Last Wednesday (June 6, 2018), I ran a Haskell Hackathon after
LambdaConf. The turnout certainly wasn't the same as Zurihac, but I
was quite happy with the crowd, the participation, and the
I wanted to share a bit of
how we ran this hackathon, why I liked it so much, some ideas that
got brought up, and my hopes for future such events.
How it worked
The keyword for this hackathon was informal. There were
no official planned talks, though we did end up having some
impromptu lightning talks. People were of course free to work on
any project or tasks they felt like; a few people even snuck in
some Rust. But the general idea was:
- I prepared a list of issues on a few different open source
projects (see the
- People “staked claimed” in issues they wanted to work on
- Lots of pair programming, giving people a chance to learn from
- I tried to help people understand the projects, and generally
be as helpful as possible
I'd hoped that others in the community would submit some issues
to be worked on. In the end, all of the issues came from me, and
ended up being fairly Stack-heavy. We ended up having 12 issues
total, of which almost all of them were worked on at the
I was really impressed with how enthusiastic and ambitious the
participants were. I wasn't sure if a big project like Stack would
be too intimidating. Quite the contrary; I wish I had scoured the
Stack issue tracker a bit harder to find more newcomer-friendly
issues. Even issues that I'd marked as fairly challenging ended up
getting picked up and resolved.
It seemed to me that the combination of easy pair programming to
work through tough problems, plus having someone (me) well versed
in the codebase available to help if needed, really gave people a
chance to try something new. And (again, to me) people really liked
getting a chance to contribute something significant to a real
world project used by so many people.
Another positive: there were people of various skill levels
present. Even people who weren't ready to dive into advanced issues
themselves were happy to sit over someone else's shoulder and
observe. I also got to learn some new techniques from this (I'd
somehow completely missed the
git grep command). One
person spent significant time helping someone newer to coding get
up-and-running with Vim (objectively the greatest editor ever
created, of course).
All in all, I had a great time at this hackathon, and enjoyed
interacting with everyone. It seemed like the other participants
felt the same way. Many thanks to everyone who attended, and to the
LambdaConf organizers and volunteers for taking care of all of the
Improving Stack maintainership
Since Stack was being worked on by so many people, we started
discussing some aspects of its maintenance. I'll probably have some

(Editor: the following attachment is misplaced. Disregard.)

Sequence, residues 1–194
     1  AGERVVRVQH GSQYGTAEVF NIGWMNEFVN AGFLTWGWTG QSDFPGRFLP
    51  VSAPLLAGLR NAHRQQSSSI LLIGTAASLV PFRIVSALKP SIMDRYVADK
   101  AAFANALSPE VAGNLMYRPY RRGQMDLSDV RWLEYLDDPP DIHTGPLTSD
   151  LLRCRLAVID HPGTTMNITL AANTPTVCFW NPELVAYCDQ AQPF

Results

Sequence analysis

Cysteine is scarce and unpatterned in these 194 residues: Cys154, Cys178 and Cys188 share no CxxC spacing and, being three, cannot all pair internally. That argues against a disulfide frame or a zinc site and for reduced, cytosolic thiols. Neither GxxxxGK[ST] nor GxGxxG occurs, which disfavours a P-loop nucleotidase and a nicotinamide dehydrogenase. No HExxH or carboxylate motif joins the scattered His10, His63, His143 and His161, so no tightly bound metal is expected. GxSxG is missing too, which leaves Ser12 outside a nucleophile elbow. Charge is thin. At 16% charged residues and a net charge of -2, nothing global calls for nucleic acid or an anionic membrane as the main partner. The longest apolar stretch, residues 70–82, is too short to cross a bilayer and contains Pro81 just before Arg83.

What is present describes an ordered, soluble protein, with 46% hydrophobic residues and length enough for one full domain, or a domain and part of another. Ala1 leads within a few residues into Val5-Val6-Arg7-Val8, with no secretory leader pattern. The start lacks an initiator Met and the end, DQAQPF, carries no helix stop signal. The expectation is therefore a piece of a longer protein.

more blog posts on this in the future, but I wanted to bootstrap
some of the public discussion with my notes here:
Matt Audesse, one of the Stack issue triagers, opened a pull
request introducing some more formal structure around Stack
maintenance. This is based on some offline conversations among
Stack maintainers, and some docs that I wrote. If people are
interested in contributing more significantly to Stack, that's a
good place to start: review the PR, add some comments, and consider
volunteering to be a Stack issue triager or some other role.
One open question in that PR is how to handle triaging of old
issues. A common approach used by open source projects is to
automatically close issues that haven't seen activity in a certain
time via a bot. There was a strong push at the hackathon to make
this happen. It's likely that we'll start a more serious discussion
in the issue tracker about this.
As my previous
personal blog post stated, I'm worried about the bus factor on
some projects, including Stack. There are parts of the codebase
that only a few people (and sometimes only one) truly understand.
I'd like to be more proactive about solving that problem, but it's
going to require people diving in and really getting their hands
dirty. The best example of this is the issue I
opened about improving SourceMaps and buildplans.
If any of this interests you, please consider joining our Gitter
channel. There are multiple people available—myself certainly
included—who would be happy to help mentor someone into getting
more involved in the codebase, whether at a hackathon or remotely.
Speaking of which…
Future events/next steps
I'd definitely like to do more such low-key hackathons again in
the future. The focus on pair programming, providing some tasks
from real projects, and encouraging people to work on their own
interests seems to be a great fit. I can also picture a two day
event, with day one being some training sessions and day two being
a hackathon to practice those new skills, working out really
If anyone out there is interested in doing something like this
in your area, please let me know. I'd arrange one in my home town,
but I think I'm the only functional programmer in a 10km radius :(.
I'd also like to see if some kind of remote setup could work for
something like this, either fully remote (everyone's working from
home with some open audio chat) or semi-remote (multiple teams in
Subscribe to our blog via email
Email subscriptions come from our Atom feed and are handled by Blogtrottr. You will only receive notifications of blog posts, and can unsubscribe any time.
Do you like this blog post and need help with DevOps, Rust or functional programming? Contact us.